That mighty oak of Eighteenth Century biblical criticism, Johann Gottfried Eichhorn, had to put up with a lot of polemic from the conservative reactionists of his day. Eichhorn knew that he was probably going to get unfairly snorted at by the great unwashed masses:
“… party spirit will perhaps for a couple of decades snort at the Higher Criticism, instead of rewarding it with the thanks which are really due to it…”
Oh, the callous ingratitude! And if there was snorting, you can bet your bottom dollar there would’ve been a fair bit of unkindly gaffawing as well. But what I find interesting, all snorting and gaffawing aside, is that Eichhorn’s “Higher Criticism” is itself strongly religious in motivation. This wasn’t a case of some battle between Wissenschaft and faith. The division was more subtle than that. Rather than being motivated by opposition to faith, Eichhorn imagined his method was buttressing it. In fact, he proudly emphasises that his Higher Criticism has uncovered the religiosity of the biblical compilers in a deeper and more profound way:
“…For first, the credibility of the book [i.e. the Bible] obviously gains by it. Did ever a historical inquirer go more religiously to work with his sources than the arranger of these? He is so certain of the genuineness and truth of his documents that he gives them as they are…”
And so the Higher Criticism not only reveals the deep religiosity of the texts like no previous reading had allowed, but demonstrates their historical veracity like no earlier methodology had ever shown before. As a result of historical-criticism’s multiple divisions of the scriptures into so many sources, the student of Israelite history could now corroborate the truth of the Bible with newly discovered independent witnesses (i.e. other parts of the Bible):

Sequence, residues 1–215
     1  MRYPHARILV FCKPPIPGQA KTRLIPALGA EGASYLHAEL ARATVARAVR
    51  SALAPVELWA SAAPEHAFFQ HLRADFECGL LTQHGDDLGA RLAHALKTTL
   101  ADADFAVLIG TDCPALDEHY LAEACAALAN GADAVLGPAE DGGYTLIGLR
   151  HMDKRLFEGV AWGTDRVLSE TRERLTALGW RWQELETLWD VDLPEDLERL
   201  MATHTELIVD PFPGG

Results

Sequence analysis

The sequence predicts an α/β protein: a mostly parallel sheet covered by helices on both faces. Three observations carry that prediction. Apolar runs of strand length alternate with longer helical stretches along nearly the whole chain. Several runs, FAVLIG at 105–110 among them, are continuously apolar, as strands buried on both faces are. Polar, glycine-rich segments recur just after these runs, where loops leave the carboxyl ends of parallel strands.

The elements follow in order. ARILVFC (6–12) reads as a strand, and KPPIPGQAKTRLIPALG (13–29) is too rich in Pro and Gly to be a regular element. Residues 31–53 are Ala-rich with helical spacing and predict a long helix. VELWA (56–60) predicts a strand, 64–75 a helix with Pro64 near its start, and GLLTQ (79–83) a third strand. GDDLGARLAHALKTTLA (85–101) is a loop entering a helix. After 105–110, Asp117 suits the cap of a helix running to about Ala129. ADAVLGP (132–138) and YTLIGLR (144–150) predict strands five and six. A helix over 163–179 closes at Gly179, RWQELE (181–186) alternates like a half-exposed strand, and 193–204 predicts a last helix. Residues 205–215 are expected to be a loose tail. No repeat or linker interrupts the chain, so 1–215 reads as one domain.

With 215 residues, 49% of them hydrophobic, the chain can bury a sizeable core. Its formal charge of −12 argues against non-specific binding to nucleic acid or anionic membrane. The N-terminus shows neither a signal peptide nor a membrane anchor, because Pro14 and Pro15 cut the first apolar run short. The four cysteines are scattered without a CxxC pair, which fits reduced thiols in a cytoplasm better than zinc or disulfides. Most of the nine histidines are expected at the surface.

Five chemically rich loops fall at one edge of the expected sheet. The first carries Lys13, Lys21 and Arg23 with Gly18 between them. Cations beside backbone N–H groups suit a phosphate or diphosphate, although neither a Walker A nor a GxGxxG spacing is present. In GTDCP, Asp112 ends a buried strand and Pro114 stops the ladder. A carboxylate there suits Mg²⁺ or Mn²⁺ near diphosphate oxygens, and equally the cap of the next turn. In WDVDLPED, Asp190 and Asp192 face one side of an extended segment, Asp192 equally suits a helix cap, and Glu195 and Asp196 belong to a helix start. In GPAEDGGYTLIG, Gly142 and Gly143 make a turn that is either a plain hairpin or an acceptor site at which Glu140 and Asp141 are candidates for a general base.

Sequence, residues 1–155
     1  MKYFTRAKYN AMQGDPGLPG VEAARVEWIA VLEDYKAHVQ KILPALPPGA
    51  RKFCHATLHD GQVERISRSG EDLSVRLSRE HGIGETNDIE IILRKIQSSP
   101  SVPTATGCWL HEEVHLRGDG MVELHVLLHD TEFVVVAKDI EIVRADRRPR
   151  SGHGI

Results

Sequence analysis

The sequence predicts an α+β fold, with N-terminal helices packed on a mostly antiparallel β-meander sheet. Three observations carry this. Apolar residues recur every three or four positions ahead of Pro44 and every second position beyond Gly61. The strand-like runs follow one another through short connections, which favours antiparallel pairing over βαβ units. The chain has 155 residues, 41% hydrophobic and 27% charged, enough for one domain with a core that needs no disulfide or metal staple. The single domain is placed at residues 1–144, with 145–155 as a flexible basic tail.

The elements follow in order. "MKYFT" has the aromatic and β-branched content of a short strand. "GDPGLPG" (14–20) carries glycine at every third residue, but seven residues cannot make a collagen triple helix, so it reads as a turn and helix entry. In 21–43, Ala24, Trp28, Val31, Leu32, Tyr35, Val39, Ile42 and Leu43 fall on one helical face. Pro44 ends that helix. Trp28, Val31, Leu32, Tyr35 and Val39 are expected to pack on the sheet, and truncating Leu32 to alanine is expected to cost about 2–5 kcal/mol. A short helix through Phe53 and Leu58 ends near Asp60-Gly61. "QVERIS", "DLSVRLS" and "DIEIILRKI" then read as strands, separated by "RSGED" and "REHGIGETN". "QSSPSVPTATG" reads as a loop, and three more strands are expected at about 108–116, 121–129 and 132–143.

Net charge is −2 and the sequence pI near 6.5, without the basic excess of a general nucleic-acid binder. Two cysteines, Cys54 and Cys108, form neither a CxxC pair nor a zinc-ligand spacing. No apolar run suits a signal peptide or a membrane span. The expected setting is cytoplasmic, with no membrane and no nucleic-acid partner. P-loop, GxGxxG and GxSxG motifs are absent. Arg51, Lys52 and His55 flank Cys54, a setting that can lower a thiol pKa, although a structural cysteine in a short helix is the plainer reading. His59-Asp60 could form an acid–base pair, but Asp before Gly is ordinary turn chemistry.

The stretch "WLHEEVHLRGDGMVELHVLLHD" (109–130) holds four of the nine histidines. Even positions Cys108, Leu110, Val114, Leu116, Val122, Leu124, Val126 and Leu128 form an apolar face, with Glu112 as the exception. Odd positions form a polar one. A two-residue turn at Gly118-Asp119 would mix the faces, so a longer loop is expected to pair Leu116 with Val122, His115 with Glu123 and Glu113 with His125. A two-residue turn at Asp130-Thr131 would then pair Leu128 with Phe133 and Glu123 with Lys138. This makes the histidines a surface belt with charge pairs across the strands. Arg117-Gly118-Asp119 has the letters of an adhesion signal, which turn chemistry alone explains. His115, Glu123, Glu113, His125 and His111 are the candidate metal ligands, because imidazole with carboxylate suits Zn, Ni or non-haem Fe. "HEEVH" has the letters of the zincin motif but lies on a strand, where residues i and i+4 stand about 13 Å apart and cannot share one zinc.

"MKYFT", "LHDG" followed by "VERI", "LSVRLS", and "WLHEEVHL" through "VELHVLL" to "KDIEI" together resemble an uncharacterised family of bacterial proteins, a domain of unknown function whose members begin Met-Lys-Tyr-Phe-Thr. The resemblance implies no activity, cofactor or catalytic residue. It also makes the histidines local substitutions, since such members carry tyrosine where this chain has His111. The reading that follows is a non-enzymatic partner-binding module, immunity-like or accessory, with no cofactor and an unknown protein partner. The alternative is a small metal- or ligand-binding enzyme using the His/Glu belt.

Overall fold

“…The gain which history, interpretation, and criticism derive from this discovery is exceptionally great. The historian is no longer obliged to rely on one reporter in the history of the most distant past; and in the duplicated narratives of the same event he is not obliged to force into harmony the unessential dfferences in accessory circumstances by artificial devices. He sees in such divergences the marks of independent origin, and finds in their agreement in the main important mutual confirmation.”
(Johann Gottfried Eichhorn, Introduction to the Old Testament (1780), II.295 §424)
From the start, or at least for Eichhorn, the historical-critical method was in no way opposed to belief. Instead, the Higher Criticism was seen as providing a new basis on which to believe the Bible after the grounds for belief had shifted to the empirical and rational. He had found a light shining through the fog.